As you might recall, in the late 1970s and early '80s, a broad international coalition of church, health-care, and community groups waged a 7-year-long campaign against Nestle S.A., the Swiss-based transnational food products giant. That boycott was aimed at stopping Nestle's promotion of infant formula in the Third World.
The boycotters' case was simple and morally irrefutable. Throughout the Third World, Nestle, and other formula manufacturers, were handing out free formula samples to new mothers. This practice, along with other high-pressure sales techniques, was intended to persuade mothers to replace their own safe and healthy breast milk with the more expensive, complicated option of bottle feeding.
The problems came when the free samples dried up. By then the mothers' milk had, too. Then the formula was often improperly prepared by parents who couldn't read the instructions, or over-diluted to stretch the supply, or mixed with unsanitary water. The result was malnutrition, diarrhea, and death as thousands of infants gave their lives for an international marketing strategy.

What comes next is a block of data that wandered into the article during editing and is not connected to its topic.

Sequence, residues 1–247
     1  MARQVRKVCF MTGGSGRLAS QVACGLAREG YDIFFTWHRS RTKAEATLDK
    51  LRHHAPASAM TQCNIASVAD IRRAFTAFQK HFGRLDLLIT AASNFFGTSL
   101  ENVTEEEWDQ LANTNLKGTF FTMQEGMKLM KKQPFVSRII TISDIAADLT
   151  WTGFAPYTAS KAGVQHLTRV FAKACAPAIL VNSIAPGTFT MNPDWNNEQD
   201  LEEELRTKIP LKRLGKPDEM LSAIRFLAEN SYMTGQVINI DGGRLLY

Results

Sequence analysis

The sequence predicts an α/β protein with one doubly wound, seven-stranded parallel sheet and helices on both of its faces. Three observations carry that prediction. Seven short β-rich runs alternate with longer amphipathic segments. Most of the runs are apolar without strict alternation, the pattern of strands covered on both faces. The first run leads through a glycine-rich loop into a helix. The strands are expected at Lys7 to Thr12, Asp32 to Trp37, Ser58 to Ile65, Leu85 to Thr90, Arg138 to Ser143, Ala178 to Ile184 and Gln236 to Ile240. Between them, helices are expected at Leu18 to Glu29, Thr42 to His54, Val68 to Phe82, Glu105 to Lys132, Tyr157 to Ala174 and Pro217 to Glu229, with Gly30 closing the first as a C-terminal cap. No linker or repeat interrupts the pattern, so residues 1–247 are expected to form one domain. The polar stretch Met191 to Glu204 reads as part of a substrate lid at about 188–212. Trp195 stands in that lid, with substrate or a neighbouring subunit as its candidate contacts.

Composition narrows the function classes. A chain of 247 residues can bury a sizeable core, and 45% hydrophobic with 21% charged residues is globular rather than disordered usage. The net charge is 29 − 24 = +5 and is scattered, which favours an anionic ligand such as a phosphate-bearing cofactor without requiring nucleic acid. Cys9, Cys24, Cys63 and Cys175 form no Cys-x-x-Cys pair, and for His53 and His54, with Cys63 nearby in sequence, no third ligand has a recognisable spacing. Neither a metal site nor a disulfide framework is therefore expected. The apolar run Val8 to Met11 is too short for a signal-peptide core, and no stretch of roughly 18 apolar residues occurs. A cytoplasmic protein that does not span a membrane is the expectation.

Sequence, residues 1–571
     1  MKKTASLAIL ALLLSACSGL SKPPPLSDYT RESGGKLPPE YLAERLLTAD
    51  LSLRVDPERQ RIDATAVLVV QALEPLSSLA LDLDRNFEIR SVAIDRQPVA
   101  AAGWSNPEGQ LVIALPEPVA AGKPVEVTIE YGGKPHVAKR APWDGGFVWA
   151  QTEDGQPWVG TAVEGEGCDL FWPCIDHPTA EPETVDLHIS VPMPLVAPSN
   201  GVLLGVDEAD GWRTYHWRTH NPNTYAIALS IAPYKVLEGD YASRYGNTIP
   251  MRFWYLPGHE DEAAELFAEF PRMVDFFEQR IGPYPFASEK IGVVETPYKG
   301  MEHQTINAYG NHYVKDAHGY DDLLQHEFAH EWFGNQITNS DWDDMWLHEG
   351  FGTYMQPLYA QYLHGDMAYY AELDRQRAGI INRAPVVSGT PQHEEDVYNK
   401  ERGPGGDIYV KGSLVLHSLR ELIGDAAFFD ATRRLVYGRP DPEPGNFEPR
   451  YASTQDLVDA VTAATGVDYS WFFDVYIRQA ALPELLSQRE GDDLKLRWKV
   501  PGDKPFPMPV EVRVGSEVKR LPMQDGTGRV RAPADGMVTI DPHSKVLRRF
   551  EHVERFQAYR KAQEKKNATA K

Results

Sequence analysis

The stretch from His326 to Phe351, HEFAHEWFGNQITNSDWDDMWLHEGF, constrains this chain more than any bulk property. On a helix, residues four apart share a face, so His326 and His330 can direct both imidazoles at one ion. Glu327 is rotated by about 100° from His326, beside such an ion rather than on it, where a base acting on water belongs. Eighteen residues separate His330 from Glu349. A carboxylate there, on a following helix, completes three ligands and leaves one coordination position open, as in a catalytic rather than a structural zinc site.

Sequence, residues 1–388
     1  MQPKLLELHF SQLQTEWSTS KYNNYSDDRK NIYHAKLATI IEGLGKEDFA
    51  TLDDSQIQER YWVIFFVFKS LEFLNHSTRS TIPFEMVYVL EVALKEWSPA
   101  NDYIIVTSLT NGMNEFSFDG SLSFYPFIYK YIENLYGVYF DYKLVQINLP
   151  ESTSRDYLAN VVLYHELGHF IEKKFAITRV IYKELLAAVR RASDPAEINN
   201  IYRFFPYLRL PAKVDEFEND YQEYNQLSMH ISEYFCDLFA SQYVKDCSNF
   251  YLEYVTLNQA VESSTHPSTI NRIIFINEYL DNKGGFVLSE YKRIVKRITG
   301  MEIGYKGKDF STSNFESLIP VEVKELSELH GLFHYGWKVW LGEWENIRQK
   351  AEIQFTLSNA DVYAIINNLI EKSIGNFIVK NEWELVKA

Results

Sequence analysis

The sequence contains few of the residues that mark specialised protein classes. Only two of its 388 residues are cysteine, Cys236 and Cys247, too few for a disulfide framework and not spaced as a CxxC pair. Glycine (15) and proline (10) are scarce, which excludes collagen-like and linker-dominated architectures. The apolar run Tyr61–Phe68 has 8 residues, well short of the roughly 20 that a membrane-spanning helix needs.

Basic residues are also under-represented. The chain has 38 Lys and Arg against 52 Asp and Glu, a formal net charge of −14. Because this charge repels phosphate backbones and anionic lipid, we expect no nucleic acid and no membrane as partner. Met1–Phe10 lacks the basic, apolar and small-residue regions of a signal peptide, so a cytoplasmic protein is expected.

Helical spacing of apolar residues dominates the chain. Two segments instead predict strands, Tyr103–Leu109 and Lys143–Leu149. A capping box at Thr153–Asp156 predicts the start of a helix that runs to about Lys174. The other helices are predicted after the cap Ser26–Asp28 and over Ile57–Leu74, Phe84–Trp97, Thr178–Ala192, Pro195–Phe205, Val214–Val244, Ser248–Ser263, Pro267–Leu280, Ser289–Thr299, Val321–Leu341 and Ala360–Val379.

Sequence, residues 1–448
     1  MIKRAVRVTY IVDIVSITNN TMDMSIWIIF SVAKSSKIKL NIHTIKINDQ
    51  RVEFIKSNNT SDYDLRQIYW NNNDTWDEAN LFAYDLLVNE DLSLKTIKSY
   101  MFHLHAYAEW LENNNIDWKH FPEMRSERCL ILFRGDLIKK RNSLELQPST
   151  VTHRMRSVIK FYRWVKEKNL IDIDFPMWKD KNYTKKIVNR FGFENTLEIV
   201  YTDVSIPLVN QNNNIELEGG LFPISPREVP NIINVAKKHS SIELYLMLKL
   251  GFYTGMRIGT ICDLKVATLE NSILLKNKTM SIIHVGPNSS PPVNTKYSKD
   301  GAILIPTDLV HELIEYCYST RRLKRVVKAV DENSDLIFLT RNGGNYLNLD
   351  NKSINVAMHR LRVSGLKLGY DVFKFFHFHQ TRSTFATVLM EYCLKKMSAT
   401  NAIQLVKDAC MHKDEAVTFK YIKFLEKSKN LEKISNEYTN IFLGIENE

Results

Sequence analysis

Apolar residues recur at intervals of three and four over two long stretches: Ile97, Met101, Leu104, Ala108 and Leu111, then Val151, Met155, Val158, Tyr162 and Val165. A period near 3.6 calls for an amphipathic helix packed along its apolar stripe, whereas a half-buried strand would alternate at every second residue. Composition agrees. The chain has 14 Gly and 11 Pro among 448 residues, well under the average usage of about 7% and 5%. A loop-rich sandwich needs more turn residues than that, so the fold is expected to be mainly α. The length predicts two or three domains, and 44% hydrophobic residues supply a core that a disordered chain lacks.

The Nestle boycott ended in 1984 when the company agreed to all of the boycotters' demands. It seemed that a persistent David had conquered the chocolate Goliath. But now the Nestle boycott is back. A year ago this month some of the same organizers who announced the victory in 1984 held another press conference to announce that Nestle has broken its promises. Specifically, the boycott organization has documented the fact that Nestle continues to donate wholesale quantities of free formula to hospitals and maternity clinics for distribution to new mothers.